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“I’m telling you Gears, this is going to be the best year yet."

“That would be a matter of opinion, Crow. However, I can not be the only one present who finds the situation ironic: we, as researchers of an institution whose sole purpose is the containment of the paranormal and unknown, are observing an over-commercialized holiday celebrating distilled and often completely fictitious versions of such.”

<Gears, this is no time for analysis. Just drink your punch.> Bright signed rapidly with one hand.

The three doctors were all taking part in the time-honored party tradition of standing by the punch bowl, engaging in what could be called “conversation”, if the definition was stretched. In one way or another, each one was arrayed in costume: Crow had donned a black greatcoat, specially made of course, accompanied by a red sash and a matching high-peaked hat with a silver eagle pin on the front. Bright was in the body of an adult male orangutan. Gears was still wearing his lab coat, but someone had placed a floppy, oversized wizard’s hat on his head and he had yet to take it off.

The Site 19 D-class cafeteria had been converted into the main party center, and the effort was admirable. There was a considerable amount of black and orange streamers hanging from the ceiling, along with dozens of jack o’ lanterns which sat grinning on the long metal tables. Of course, there was also the general mishmash of fake spiders, bugs, skeletons, bats, ghosts, neat glow-in-the-dark doohickeys, a fog machine, and a sound system currently running through volume two of “Halloween’s Best Hits”. The cafeteria line was laden with a sizeable assortment of foods, mostly sugary and very little otherwise. The crowd was still small, consisting mostly of those in charge of the party. The night was still young, and most staff members were still spelunking their way through the haunted house.

The haunted house was, easily, the crown jewel of the event. All five floors of the adjacent D-class barracks had been cleared out and converted into a maze of terror, ending in the cafeteria. While some in the Foundation would question the wisdom or point in making a haunted house, the fact that the senior staff was in charge was usually enough to strike an appropriate level of fear in the average staff member.

Needless to say, what went on within was classified.

Clef stepped out of the shadows right next to Crow, Gears and Bright, wasting no time in helping himself to a plate of pumpkin cookies and a cup of red punch. He was dressed in a sharp tuxedo, with a pair of plastic devil horns and a Guy Fawkes mask.

“Rights, you’re up.” He nodded to the approaching doctor, who was plastered with zombie makeup and had a very large and relatively convincing meat cleaver stuck in her head. “You should probably tell Doctor Glass that his office will be pretty busy come tomorrow. And word from Ghost at the front says that Dr. King just entered the maze. Get the apple seeds ready.”

“I’m on it. Wish me luck, guys.” Rights sauntered off through the secret entrance to the maze, chainsaw in tow. Someone was going to get a very nasty surprise in a few minutes, of the dropping-right-behind-you-from-the-trap-door-in-the-ceiling variety.

Clef turned to the three punch-drinkers.

“So, how ‘bout them Rangers?” Clef managed to take a bite of his cookie without seeming to move his mask.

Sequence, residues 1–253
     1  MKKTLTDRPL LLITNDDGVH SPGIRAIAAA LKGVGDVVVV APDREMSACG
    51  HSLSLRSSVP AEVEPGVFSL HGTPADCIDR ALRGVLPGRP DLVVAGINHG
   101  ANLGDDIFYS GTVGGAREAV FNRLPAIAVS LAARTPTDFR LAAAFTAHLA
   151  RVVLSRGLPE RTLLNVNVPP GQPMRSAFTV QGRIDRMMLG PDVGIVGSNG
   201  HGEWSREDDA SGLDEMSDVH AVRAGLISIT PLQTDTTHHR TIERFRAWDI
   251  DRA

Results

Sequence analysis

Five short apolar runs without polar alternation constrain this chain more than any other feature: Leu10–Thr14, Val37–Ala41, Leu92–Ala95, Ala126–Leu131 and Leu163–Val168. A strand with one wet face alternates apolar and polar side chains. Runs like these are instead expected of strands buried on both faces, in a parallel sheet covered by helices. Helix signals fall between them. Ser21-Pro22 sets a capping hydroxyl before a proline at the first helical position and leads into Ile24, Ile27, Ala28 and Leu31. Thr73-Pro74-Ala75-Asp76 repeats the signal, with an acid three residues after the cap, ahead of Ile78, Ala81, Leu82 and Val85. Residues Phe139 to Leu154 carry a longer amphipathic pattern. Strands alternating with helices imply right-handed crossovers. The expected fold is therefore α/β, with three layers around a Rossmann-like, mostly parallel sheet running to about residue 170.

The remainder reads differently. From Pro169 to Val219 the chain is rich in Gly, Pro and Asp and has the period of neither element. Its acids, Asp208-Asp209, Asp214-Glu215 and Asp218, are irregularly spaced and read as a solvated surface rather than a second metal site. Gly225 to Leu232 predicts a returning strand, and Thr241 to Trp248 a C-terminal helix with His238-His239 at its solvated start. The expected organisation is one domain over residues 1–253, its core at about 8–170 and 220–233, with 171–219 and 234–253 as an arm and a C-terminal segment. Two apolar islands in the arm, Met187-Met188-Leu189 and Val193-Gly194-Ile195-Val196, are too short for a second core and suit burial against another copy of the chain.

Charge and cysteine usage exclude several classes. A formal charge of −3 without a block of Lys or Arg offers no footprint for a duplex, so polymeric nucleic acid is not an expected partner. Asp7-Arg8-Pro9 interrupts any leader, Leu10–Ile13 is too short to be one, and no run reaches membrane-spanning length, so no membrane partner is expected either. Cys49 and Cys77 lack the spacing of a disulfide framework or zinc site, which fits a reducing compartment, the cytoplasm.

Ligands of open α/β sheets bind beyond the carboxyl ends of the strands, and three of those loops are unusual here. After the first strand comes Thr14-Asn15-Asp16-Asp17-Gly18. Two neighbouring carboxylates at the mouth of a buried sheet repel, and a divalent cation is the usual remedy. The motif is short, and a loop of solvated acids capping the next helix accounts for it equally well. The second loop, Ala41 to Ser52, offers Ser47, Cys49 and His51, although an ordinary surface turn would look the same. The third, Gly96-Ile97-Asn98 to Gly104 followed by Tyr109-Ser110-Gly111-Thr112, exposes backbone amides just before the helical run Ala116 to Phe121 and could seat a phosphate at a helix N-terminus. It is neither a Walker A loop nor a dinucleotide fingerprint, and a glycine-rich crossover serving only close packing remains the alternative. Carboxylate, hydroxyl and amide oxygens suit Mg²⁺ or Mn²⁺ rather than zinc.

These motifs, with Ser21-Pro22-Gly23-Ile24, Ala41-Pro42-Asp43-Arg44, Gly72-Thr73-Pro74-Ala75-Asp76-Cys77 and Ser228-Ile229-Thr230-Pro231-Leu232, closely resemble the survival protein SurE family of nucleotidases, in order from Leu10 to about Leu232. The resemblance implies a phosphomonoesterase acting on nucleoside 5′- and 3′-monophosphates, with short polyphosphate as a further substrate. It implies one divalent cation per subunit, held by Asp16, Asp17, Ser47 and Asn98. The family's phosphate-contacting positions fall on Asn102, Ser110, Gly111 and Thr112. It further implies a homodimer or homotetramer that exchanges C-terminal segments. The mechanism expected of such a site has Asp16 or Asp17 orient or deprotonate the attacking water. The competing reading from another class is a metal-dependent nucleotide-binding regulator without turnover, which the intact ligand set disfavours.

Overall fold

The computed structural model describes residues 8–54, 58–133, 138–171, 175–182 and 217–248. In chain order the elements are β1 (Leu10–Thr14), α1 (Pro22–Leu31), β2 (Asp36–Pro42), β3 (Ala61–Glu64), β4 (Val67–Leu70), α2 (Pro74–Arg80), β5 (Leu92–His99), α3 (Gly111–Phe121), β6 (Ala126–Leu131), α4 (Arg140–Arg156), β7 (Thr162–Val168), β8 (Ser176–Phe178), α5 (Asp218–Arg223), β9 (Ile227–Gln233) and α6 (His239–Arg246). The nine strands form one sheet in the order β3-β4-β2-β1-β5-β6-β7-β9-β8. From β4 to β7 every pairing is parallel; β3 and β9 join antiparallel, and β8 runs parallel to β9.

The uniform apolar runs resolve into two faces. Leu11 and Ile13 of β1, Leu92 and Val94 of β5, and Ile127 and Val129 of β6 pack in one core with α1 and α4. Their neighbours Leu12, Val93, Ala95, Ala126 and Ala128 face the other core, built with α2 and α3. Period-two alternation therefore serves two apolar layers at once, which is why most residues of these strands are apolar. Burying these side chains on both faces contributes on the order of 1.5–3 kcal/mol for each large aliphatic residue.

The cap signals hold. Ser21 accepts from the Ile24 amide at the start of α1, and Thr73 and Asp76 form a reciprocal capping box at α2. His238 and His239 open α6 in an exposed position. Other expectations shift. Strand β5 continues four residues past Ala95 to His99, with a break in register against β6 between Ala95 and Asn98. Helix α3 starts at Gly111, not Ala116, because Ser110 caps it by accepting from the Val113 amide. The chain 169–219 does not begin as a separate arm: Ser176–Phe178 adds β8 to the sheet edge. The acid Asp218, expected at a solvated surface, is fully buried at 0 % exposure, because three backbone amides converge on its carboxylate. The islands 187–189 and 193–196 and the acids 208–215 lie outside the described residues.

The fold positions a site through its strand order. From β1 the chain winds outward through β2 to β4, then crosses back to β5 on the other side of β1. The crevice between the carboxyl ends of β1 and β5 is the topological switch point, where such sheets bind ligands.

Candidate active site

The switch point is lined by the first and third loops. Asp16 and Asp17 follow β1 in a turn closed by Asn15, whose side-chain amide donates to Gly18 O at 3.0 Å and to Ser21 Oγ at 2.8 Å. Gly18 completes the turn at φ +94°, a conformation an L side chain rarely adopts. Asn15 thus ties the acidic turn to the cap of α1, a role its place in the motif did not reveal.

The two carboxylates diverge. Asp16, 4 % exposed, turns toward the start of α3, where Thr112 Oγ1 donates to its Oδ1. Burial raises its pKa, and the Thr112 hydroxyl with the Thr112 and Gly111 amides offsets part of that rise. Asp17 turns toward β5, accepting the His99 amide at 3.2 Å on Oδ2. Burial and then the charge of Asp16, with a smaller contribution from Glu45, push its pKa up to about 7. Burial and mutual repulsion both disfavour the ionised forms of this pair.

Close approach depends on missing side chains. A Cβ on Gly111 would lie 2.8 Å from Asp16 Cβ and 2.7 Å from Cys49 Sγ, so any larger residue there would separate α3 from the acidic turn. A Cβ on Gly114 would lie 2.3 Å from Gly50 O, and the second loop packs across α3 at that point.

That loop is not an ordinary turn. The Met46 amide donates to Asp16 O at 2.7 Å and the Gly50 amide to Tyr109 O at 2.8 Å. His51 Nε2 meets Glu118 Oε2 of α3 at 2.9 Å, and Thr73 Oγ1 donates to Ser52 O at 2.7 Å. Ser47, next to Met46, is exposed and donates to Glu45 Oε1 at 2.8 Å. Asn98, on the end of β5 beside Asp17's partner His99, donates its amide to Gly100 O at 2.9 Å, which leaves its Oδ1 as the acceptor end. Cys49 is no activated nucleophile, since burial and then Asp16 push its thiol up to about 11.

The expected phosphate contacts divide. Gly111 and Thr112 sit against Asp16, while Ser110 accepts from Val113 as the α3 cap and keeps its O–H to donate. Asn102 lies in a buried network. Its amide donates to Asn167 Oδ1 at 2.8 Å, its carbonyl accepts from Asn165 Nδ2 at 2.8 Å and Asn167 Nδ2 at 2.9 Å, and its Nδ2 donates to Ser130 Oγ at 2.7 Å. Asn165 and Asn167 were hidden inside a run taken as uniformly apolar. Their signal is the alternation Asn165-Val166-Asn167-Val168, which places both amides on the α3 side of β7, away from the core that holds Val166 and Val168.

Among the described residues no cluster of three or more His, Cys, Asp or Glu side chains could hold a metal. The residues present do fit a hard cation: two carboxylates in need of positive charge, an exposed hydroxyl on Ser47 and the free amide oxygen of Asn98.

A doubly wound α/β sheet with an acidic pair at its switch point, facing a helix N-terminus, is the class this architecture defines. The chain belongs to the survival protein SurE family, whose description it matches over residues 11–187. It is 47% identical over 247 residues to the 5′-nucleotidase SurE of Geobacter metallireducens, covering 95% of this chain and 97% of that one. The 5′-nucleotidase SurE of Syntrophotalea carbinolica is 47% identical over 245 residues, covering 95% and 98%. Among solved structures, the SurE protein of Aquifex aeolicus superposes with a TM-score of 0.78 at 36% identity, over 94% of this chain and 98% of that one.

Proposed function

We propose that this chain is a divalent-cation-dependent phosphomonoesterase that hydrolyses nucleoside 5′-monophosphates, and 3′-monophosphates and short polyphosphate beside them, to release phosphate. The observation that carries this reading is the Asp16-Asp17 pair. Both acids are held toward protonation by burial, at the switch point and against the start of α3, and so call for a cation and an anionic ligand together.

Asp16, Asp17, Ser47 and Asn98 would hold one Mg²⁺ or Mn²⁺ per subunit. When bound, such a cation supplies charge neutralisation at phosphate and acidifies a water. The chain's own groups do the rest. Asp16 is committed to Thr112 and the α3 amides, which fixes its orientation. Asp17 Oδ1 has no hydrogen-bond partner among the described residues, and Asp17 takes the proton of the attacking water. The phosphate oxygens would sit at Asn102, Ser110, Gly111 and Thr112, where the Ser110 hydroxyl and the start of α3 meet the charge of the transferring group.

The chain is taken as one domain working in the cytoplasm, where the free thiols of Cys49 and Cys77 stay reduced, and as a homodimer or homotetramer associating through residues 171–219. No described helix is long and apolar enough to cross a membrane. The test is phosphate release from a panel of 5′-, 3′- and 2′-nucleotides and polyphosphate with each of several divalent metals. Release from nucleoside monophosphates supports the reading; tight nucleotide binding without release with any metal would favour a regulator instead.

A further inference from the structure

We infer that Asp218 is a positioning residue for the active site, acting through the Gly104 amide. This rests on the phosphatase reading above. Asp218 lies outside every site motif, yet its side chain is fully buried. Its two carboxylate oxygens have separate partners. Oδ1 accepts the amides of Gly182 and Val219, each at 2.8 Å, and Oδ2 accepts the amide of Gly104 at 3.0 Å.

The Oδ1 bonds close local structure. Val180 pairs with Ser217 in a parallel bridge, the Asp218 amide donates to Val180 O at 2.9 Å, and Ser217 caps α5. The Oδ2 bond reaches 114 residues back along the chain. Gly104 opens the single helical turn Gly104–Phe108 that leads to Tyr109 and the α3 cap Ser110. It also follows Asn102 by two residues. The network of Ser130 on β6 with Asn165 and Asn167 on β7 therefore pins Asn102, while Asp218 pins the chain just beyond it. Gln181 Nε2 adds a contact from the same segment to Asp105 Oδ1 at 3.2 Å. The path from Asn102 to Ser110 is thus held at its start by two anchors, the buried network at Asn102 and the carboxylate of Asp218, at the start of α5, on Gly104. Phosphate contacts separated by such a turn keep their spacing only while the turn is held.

<Continue that statement and you are contending with three hundred pounds of ape.> Bright downed another cup of punch.

“Eh, I don’t care that much myself, anyway. Though I am curious what happened to you, Bright. Last time I checked, you were going as Nyarlathotep. You even had an Egyptian host and everything.”

Bright’s expression was one of pure simian unamusement.

< If I ever find out, you’ll know. Because you’ll hear them screaming from the other side of the site.> He snarled as he signed, with fangs far larger and more intimidating than he usually had.

Seeing now as an excellent time to shift the conversation away from the Rage of Bright, Kain made a strategic interruption.

“So, uh, how’s it looking in there, Clef?”

“Let’s just say that there will be some people who’ll need a new pair of shorts."

“What’d you do to them?”

Clef leaned forward and whispered. Even with the mask on, it was obvious he had a smug smile of satisfaction. Kain and Bright nodded, understanding. Gears’ expression was blank.

“You did…nothing. I do not believe that I understand.”

<Okay, look. Most of the lower staff are terrified of Clef. Half of them believe he’s the devil for crying out loud. Now, can you imagine walking around a corner and seeing him just standing there and staring at you?>

“Interesting. You took the deep-seated fear most lower personnel have for you, and built upon it so that you would have to exert only the minimum effort for the maximum effect.”

<I just said that.>

“There is no harm in repetition of the conclusion.”

“It's good science.”

The set of thick black curtains that split the barracks from the cafeteria fluttered open, revealing the form of Agent Yoric, who was clad in enough voodoo paraphernalia to make every witch-doctor in the western-hemisphere sigh heavily at the absurdity of it all. Ignoring the cookies, punch, and the “Monster Mash”, he walked over to the four doctors with the steely intent of someone about to speak their mind and the expression of someone who had very nearly had a heart attack. He jabbed an accusing finger at them.

Why on God’s green Earth did you install an animatronic 682 head in the janitor’s closet?”

This statement was followed by an incredibly awkward silence. Kain, Clef, Gears and Bright all looked at each other, then at Yoric, then at each other again.

“Oook,” Bright said.

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